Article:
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What To Ask at Your Consult Appointment

You should get answers to all of your questions at your consult appointment.  At this first appointment, you are learning about the surgeon and the practice, and they are learning about you.  An informed patient makes the best health care decisions, so make sure that you understand the process, and

PLEASE ASK QUESTIONS!  Take full advantage of the time with the doctor, so that you will have a clear understanding of the procedure and outcomes.  Following is a list of questions that you can take with you to your appointment.

1. How many procedures have you done?

This is an important question,  but once you get past a few hundred the answer isn’t so critical. In other words the surgeon who does 2000 will likely get just as good as results as one who has done 20,000.

2. How does your success rate compare to the national average? And how do you measure it?

Everyone assumes 20/20 is a success. But more important than the size of the letters you read on the chart, is the time you spend out of glasses in the “real world”

Be sure to discuss your vision “requirements” that you expect for years to come. Not seeing “20/20” may keep you from reading glasses in your 40’s.

3. Do you perform procedures at your own center, or do you need to travel elsewhere?

There’s no right or wrong answer here. The more important aspect is why you own your center, or why you travel elsewhere. It is also appropriate to ask why the doctor chooses a particular facility..

4. Has the surgery center had any problems with infections?

This is fairly obvious. But if if the answer is affirmative, the more important question is if yes, what have they done to correct it and have those measures been effective.

5. If a complication does occur, are there extra charges for treatment?

This answer is self explanatory, and just allows you to compare “apples to apples” when comparing fees.

6. What if I need an enhancement, is there an extra charge?

Again allows for a better comparison of fees. One doctor may have a fee of $2000 per eye and doesn’t charge for enhancement, while another charges $1600 per eye and $500 enhancement. Paying the $2000 to start may afford you the difficulty in any decisions for further treatment in the future.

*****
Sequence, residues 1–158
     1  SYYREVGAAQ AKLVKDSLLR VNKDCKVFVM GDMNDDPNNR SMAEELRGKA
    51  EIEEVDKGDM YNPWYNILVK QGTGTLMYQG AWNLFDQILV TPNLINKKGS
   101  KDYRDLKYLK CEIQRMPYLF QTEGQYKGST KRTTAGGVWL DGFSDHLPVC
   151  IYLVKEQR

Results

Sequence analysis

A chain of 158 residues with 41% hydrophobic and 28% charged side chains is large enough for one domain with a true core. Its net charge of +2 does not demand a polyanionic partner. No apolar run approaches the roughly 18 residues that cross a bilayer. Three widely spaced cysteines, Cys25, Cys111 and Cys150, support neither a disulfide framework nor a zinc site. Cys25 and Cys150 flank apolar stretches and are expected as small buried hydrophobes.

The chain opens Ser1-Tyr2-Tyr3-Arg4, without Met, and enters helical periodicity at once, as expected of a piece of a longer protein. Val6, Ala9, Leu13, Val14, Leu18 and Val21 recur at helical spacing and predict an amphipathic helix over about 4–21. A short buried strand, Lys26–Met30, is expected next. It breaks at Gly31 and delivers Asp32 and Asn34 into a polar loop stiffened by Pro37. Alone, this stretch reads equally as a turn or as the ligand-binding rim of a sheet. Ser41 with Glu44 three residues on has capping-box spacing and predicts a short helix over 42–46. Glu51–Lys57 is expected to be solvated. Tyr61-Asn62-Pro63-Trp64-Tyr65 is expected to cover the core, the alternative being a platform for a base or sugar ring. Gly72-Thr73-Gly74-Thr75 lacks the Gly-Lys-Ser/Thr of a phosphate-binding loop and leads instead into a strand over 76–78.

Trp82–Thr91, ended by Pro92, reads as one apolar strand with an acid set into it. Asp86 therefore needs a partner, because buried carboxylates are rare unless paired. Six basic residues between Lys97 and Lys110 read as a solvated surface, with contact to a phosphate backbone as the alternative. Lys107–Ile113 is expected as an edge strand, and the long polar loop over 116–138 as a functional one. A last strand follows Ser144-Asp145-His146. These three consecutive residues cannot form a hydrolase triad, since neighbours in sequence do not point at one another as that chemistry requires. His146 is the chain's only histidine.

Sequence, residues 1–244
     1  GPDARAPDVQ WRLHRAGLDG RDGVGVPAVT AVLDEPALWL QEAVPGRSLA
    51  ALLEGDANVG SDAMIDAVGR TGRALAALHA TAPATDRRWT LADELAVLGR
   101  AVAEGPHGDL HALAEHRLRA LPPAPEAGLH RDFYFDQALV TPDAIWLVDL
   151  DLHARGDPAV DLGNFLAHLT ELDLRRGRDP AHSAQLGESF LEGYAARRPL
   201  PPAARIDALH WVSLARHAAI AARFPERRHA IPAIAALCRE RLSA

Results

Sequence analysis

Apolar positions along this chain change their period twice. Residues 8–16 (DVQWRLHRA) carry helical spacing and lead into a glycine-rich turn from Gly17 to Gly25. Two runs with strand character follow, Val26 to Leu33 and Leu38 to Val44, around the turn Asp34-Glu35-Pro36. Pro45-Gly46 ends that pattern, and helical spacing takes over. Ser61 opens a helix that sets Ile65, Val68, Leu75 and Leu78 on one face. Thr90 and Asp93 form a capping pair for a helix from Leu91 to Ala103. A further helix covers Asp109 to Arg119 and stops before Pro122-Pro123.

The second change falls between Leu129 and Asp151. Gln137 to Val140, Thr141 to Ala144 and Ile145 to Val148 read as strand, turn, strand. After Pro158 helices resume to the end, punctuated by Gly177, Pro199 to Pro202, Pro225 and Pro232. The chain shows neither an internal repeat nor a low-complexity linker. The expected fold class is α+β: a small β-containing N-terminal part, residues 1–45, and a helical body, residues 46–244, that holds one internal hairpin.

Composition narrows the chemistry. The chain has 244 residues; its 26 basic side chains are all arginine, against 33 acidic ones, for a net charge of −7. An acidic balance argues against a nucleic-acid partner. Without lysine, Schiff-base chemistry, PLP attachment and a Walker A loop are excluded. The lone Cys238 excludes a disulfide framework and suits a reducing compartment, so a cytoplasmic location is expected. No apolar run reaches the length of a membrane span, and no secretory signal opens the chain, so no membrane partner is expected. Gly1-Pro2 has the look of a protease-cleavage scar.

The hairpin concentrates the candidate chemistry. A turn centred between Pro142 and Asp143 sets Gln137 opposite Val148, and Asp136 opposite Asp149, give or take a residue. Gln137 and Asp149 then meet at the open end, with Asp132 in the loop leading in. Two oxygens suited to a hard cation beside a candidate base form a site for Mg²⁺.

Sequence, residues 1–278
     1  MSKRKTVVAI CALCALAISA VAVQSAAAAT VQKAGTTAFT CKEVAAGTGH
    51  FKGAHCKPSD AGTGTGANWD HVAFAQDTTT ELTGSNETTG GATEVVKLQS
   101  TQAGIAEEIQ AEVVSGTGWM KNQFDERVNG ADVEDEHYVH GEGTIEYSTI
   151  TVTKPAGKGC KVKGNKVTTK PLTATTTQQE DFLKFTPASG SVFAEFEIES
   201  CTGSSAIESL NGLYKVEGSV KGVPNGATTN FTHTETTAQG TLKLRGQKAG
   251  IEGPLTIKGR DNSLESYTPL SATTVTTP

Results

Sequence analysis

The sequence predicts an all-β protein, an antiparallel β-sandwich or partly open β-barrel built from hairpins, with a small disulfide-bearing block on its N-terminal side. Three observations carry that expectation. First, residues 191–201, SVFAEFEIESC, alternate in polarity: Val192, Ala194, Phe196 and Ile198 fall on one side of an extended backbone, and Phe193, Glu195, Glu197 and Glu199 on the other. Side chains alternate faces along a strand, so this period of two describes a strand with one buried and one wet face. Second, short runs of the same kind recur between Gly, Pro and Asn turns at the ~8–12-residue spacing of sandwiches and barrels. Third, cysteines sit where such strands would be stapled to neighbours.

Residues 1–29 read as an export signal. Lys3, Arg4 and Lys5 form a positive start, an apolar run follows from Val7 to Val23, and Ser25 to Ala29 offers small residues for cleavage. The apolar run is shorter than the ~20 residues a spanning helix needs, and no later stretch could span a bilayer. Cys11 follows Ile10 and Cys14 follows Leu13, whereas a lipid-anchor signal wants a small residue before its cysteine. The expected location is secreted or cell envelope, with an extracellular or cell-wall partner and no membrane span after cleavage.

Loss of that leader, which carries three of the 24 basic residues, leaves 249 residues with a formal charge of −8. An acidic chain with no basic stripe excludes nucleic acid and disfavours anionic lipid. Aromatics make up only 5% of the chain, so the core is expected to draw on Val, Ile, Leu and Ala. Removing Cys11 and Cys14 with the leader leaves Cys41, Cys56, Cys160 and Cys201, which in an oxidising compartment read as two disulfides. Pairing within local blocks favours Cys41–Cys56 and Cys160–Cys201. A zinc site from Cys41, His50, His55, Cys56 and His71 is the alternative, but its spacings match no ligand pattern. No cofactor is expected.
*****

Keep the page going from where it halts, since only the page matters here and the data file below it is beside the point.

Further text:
7. Does this enhancement charge have a time limit?

While some patients recognize the need for an enhancement within months after surgery, what if you need an enhancement in a year, 2 years or 5 years from your original surgery?

8. Do you have any financing options available for payment?

LASIK is not covered by most insurances, so  Again financial planning.

You need to be confident that you have chosen the right surgeon and the right practice. So if you are not happy with answers to your questions, consult another surgeon.  If you’re considering a surgeon who doesn’t perform a particular procedure you’re interested in, ask for an explanation of why, beyond “I don’t do that.”

Seek a second opinion.  You to should feel completely confident that you have chosen the right doctor and the right team to do your LASIK.  A good surgeon encourages patients to do their research, so they know they have made the best choice for them.

Make sure all your questions are answered far in advance of even the examination and surgical planning exam. The goals should be set and the main concern is the procedure itself. The day of the surgery isn’t the time for reassessing the the surgical plan.

Also, consider a surgeon who is closer to home.  Most surgeons require a number of pre-operative tests, which may require two or three office visits in addition to your surgery date. Your surgeon will also want to see you post-operatively, so you may be making a number of visits following your surgery.  If you do have a rare complication that requires additional post op visits, having your trusted surgeon nearby will be more convenient for follow-up care.